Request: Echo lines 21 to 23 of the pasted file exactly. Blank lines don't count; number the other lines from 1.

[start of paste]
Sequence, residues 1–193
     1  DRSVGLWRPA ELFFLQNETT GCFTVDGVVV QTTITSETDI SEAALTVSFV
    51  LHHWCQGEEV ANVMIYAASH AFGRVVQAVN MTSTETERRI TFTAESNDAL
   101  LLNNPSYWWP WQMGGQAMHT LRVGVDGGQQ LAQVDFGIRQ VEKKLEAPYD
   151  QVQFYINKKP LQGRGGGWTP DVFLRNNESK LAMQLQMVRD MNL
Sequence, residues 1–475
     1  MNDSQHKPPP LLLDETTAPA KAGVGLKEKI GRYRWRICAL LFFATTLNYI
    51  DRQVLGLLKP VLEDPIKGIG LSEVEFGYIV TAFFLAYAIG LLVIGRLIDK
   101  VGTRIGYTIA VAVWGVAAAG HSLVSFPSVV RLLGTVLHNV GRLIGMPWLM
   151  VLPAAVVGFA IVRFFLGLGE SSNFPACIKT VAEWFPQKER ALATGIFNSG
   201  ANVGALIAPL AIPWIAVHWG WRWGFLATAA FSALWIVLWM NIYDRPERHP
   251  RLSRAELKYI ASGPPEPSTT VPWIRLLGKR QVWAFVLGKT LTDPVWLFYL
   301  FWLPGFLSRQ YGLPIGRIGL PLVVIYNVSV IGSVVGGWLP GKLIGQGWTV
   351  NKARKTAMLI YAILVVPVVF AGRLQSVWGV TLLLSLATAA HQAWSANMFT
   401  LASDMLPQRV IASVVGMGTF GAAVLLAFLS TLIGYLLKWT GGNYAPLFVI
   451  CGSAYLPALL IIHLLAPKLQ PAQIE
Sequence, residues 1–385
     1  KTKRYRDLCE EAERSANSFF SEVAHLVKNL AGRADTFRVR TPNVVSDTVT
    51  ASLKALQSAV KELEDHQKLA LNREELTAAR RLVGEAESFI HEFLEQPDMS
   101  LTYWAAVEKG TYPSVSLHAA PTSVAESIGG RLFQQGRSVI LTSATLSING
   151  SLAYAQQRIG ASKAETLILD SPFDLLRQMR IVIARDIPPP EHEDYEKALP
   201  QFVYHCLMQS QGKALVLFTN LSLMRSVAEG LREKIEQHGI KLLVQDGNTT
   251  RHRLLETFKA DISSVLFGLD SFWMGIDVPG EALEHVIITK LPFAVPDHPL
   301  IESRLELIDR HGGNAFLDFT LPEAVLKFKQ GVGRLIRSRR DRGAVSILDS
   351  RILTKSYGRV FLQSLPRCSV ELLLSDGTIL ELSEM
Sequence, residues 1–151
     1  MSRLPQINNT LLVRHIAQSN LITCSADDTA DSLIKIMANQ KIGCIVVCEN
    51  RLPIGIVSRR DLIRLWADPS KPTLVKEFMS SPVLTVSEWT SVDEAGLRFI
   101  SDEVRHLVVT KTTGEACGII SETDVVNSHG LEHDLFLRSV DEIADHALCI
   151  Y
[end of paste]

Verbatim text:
   151  SLAYAQQRIG ASKAETLILD SPFDLLRQMR IVIARDIPPP EHEDYEKALP
   201  QFVYHCLMQS QGKALVLFTN LSLMRSVAEG LREKIEQHGI KLLVQDGNTT
   251  RHRLLETFKA DISSVLFGLD SFWMGIDVPG EALEHVIITK LPFAVPDHPL